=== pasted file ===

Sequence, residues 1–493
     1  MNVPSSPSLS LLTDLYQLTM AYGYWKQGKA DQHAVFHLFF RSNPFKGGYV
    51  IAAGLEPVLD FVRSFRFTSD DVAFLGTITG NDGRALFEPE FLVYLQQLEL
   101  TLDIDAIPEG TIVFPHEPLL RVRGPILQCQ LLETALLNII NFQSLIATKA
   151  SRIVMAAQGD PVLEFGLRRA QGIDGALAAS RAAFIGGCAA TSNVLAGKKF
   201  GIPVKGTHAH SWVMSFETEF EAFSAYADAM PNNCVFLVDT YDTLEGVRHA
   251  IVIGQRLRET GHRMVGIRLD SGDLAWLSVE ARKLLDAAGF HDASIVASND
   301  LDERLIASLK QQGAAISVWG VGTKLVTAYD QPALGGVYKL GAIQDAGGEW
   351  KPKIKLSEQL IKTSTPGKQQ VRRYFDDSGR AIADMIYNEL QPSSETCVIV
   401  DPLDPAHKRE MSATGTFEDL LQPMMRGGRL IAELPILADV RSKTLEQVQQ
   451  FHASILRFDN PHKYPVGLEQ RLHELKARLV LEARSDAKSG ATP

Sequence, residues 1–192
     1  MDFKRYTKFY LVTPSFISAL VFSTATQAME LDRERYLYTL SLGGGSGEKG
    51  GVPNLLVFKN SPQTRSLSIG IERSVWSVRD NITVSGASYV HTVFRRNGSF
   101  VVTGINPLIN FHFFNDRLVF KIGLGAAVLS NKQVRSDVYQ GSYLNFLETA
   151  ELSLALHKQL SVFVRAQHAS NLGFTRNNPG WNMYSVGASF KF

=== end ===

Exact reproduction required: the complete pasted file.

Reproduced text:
Sequence, residues 1–493
     1  MNVPSSPSLS LLTDLYQLTM AYGYWKQGKA DQHAVFHLFF RSNPFKGGYV
    51  IAAGLEPVLD FVRSFRFTSD DVAFLGTITG NDGRALFEPE FLVYLQQLEL
   101  TLDIDAIPEG TIVFPHEPLL RVRGPILQCQ LLETALLNII NFQSLIATKA
   151  SRIVMAAQGD PVLEFGLRRA QGIDGALAAS RAAFIGGCAA TSNVLAGKKF
   201  GIPVKGTHAH SWVMSFETEF EAFSAYADAM PNNCVFLVDT YDTLEGVRHA
   251  IVIGQRLRET GHRMVGIRLD SGDLAWLSVE ARKLLDAAGF HDASIVASND
   301  LDERLIASLK QQGAAISVWG VGTKLVTAYD QPALGGVYKL GAIQDAGGEW
   351  KPKIKLSEQL IKTSTPGKQQ VRRYFDDSGR AIADMIYNEL QPSSETCVIV
   401  DPLDPAHKRE MSATGTFEDL LQPMMRGGRL IAELPILADV RSKTLEQVQQ
   451  FHASILRFDN PHKYPVGLEQ RLHELKARLV LEARSDAKSG ATP

Sequence, residues 1–192
     1  MDFKRYTKFY LVTPSFISAL VFSTATQAME LDRERYLYTL SLGGGSGEKG
    51  GVPNLLVFKN SPQTRSLSIG IERSVWSVRD NITVSGASYV HTVFRRNGSF
   101  VVTGINPLIN FHFFNDRLVF KIGLGAAVLS NKQVRSDVYQ GSYLNFLETA
   151  ELSLALHKQL SVFVRAQHAS NLGFTRNNPG WNMYSVGASF KF